CROMWELL, Conn. — In a unique way, Harris English and Eric Larson are perfect together as player and caddie, because both know a thing or two about dark times.
When English won the Sentry Tournament of Champions in January at Kapalua it was a particularly emotional moment for him because he’d gone seven years without a victory.
Larson’s drought was longer and a bit more profound. He went 10 years without his freedom, incarcerated from 1995 to 2005 at four different federal prisons for selling cocaine.
English’s issue was his struggle with golf.
Larson’s issue was his struggle with life.
The intersection of the two has produced beautiful results. Larson has his life back, and English has his game back.
“It’s about the perspective he brings,’’ English told The Post on Thursday after shooting a 3-under 67 in the opening round of the Travelers Championship at TPC River Highlands to stand four shots out of the lead four days removed from finishing third at the U.S. Open. “There’s nowhere I can put him on the golf course that’s going to be in a worse spot than he was in 15 years ago.
“I know he has my back and he’ll do anything for me and I’ll do anything for him, too. That’s the kind of relationship you build with your caddie out here. You’re with him almost more than you’re with your wife, so you better respect him and like him and enjoy being around him.’’
Larson, 60, enjoys being around pretty much everyone. Those who know him best say he’s one of the most popular figures on the PGA Tour because he’s perpetually upbeat.
And why wouldn’t he be?
Being locked up for 10 years can mess with the strongest of minds, and how could Larson have had any idea he’d get back to doing what he always wanted to do with his life, caddying?
“I was dreaming to be able to come back out here, but you never know if you’re going to have that opportunity,’’ Larson told The Post.
The player-caddie dynamic has changed dramatically since Larson’s early looping days. More and more players are bringing family and friends to caddie for them, making it more difficult for the seasoned caddies to find steady work.
Larson said he “never felt’’ apprehension about whether he’d be accepted back in golf “because I didn’t use [cocaine] or bring it on Tour. I did it for monetary purposes only. I was not a major drug dealer.
“What I did was wrong, but I wasn’t worried about what people thought. A lot of people came and visited me in prison and I knew a lot of people before I went in. So, they were very supportive and glad to see me get out.’’
No one was more supportive of Larson than Mark Calcavecchia, who had a significant role in saving Larson’s life.
Larson was caddying for Calcavecchia before he was sent away, and when Larson went to prison, Calcavecchia told him to “do the right thing when you’re in there and when you get out you have a job as long as I’m still playing. And if I’m not, I’ll find you one.’’
“Fortunately,’’ Larson said, “he was true to his word.’’
Larson was on Calcavecchia’s bag when he won the 1995 BellSouth Classic shortly before he went to prison, and after he got out and the two were reunited as player and caddie, Calcavecchia won the 2007 PODS Championship.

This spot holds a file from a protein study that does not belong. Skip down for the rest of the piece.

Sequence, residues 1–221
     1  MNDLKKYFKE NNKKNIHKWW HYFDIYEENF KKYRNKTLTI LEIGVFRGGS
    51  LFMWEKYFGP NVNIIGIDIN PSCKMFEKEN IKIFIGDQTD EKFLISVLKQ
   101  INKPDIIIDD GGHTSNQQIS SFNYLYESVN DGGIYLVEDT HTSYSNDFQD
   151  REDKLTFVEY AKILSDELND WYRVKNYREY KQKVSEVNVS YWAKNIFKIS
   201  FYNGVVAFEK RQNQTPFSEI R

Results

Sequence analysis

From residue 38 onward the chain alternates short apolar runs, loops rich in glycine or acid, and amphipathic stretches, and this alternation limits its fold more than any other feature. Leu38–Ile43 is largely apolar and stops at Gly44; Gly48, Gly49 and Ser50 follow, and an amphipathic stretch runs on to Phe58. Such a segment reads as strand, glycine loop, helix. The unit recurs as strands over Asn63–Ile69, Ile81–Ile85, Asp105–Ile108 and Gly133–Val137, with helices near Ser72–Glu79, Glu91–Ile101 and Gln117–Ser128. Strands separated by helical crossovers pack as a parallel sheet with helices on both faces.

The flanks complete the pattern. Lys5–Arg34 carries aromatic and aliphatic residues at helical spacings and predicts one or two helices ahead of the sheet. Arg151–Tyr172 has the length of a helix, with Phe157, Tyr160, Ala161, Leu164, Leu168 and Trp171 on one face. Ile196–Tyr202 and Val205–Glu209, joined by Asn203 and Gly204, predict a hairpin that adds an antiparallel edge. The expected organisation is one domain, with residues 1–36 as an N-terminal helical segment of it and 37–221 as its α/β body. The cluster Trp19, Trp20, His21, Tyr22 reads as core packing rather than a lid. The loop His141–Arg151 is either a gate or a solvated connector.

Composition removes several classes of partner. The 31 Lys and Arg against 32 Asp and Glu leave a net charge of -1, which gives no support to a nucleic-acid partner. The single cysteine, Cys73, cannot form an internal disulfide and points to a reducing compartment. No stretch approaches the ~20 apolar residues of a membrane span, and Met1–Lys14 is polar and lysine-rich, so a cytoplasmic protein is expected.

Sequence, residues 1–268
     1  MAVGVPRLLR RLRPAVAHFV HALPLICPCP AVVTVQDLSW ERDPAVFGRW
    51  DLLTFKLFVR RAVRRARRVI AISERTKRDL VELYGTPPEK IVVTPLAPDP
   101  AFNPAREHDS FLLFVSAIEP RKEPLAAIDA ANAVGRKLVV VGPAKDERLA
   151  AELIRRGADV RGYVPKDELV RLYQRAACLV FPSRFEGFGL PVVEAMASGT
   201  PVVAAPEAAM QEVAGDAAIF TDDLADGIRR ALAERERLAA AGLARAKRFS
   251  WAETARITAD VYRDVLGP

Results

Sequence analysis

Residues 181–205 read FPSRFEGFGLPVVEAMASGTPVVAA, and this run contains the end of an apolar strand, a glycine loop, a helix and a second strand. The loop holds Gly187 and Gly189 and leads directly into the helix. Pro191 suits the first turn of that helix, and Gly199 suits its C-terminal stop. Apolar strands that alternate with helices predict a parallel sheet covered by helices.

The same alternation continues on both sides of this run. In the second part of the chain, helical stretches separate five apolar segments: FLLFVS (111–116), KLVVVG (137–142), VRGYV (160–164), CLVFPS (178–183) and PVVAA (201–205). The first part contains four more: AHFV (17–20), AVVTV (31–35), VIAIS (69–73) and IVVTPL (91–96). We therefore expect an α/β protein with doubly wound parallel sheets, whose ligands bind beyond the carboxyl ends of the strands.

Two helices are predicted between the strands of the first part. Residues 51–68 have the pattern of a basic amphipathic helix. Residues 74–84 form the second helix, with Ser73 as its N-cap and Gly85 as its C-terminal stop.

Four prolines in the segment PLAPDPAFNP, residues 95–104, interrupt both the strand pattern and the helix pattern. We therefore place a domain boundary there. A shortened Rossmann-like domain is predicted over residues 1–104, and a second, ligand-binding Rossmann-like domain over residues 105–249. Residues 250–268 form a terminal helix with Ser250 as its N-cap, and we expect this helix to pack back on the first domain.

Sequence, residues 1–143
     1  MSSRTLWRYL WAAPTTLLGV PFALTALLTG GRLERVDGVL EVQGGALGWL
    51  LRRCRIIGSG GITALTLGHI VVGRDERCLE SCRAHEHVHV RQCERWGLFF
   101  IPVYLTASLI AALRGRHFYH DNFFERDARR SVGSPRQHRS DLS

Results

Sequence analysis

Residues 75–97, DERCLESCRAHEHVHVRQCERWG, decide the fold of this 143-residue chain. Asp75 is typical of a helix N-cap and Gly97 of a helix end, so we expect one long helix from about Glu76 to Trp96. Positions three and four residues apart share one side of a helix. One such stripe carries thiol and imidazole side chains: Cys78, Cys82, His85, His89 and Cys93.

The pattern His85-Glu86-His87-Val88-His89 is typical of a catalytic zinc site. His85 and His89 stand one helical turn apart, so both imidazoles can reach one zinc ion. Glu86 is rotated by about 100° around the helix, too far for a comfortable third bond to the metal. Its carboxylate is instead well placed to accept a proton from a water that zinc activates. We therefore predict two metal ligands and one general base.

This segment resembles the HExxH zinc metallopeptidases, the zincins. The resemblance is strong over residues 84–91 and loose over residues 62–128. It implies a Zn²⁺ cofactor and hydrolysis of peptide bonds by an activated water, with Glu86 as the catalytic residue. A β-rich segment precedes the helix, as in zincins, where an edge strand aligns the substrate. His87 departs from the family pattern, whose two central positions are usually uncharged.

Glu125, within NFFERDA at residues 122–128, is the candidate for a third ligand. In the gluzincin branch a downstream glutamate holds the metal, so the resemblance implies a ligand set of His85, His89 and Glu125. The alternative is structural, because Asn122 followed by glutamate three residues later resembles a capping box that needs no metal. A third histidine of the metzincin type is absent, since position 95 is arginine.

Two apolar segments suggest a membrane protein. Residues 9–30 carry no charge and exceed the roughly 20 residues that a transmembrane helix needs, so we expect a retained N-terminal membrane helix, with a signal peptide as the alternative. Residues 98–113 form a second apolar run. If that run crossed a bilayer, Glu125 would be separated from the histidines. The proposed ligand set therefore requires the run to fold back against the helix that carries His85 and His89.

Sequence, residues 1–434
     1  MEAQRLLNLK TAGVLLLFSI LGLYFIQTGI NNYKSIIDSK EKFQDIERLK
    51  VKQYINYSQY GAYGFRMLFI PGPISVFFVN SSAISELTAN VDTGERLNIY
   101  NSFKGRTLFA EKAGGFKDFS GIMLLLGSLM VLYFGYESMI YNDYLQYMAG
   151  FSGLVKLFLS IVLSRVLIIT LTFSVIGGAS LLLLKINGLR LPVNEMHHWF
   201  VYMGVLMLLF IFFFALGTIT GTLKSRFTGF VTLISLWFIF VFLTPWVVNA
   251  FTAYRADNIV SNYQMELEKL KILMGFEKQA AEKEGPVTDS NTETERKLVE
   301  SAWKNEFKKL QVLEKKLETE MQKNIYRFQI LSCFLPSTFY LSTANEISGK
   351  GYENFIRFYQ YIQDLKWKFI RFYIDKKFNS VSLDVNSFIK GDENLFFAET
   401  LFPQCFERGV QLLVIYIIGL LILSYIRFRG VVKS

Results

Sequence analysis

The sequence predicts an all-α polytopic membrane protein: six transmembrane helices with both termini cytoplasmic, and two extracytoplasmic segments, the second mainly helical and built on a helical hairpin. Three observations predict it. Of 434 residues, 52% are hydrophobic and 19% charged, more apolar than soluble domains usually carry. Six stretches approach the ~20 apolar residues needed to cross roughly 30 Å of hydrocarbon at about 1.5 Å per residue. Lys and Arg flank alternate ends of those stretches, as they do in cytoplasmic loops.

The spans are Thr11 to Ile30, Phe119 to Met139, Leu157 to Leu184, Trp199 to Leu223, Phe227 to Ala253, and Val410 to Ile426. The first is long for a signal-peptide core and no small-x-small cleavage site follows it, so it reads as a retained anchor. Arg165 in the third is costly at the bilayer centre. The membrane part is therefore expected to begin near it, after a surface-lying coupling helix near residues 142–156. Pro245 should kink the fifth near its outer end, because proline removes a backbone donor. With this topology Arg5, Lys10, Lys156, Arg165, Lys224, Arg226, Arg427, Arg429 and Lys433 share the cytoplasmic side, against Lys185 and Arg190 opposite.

Unofficially, the Larson-Calcavecchia Slam.
Larson said Calcavecchia has been “like a brother’’ to him.
Calcavecchia visited Larson in all four prisons he was incarcerated — in North Carolina, California, outside of Orlando and Miami.
“I wasn’t really scared,’’ Larson said of going to prison. “It was the idea of spending so much time away knowing how much I’m going to miss in life. Calc came to see me at all the prisons, took his time to do that even when there wasn’t a tournament near me. He gave me the hope that when I got out I’d be able to get back on my feet.’’
Calcavecchia on Thursday recalled his prison visits and phone calls with Larson.
“He’d call me collect and I’d accept and he would say, ‘Seventy-two more months,’ ’’ Calcavecchia told The Post. “I’d be like, ‘Jesus, he’s got a countdown going.’ I know how much it meant to him for me to visit. I tried to put myself in his position and what that would mean to me if I had a friend make the effort to see me if I was in prison.
“I did it because I wanted to do it,’’ Calcavecchia said. “That’s a long time he was in there, and to have something to look forward once the nightmare was finally over it’s got to be a huge help mentally.’’
At his second prison, Taft Correctional Institute in Taft, Calif., a hot, dusty place somewhere between nowhere and nowhere near Bakersfield, Larson met and became friends with Tommy Chong, of Cheech and Chong fame.
He, too, became acquainted in prison with Jordan Belfort, the former stock broker about which the “Wolf of Wall Street’’ movie was based.
Larson, who said he had a “two-year degree on the street’’ before he went to prison, earned his bachelor’s degree in business while behind bars “to keep the mind going, stay busy and help me pass the time.’’
It’s been quite a run for Larson, who — if it’s even possible — appreciates caddying more post-prison than he did before … and he loved it before.
“I respect his story,’’ English said. “He could have gone two different ways with going what he went through and he chose probably the hardest way, which was pick himself up and keep going and make himself something. He has obviously been through a lot in his life.
“What I like about Eric is he doesn’t really treat caddying as work. He loves everybody out there. Like, this is his family, and you can sense that from him every single day. It doesn’t matter if I play a practice round at 6 in the a.m. or 6 in the p.m., he’s ready to do whatever it takes to get me where I need to be.’’
Neither English nor Larson has ever been in a better place than where they are right now.
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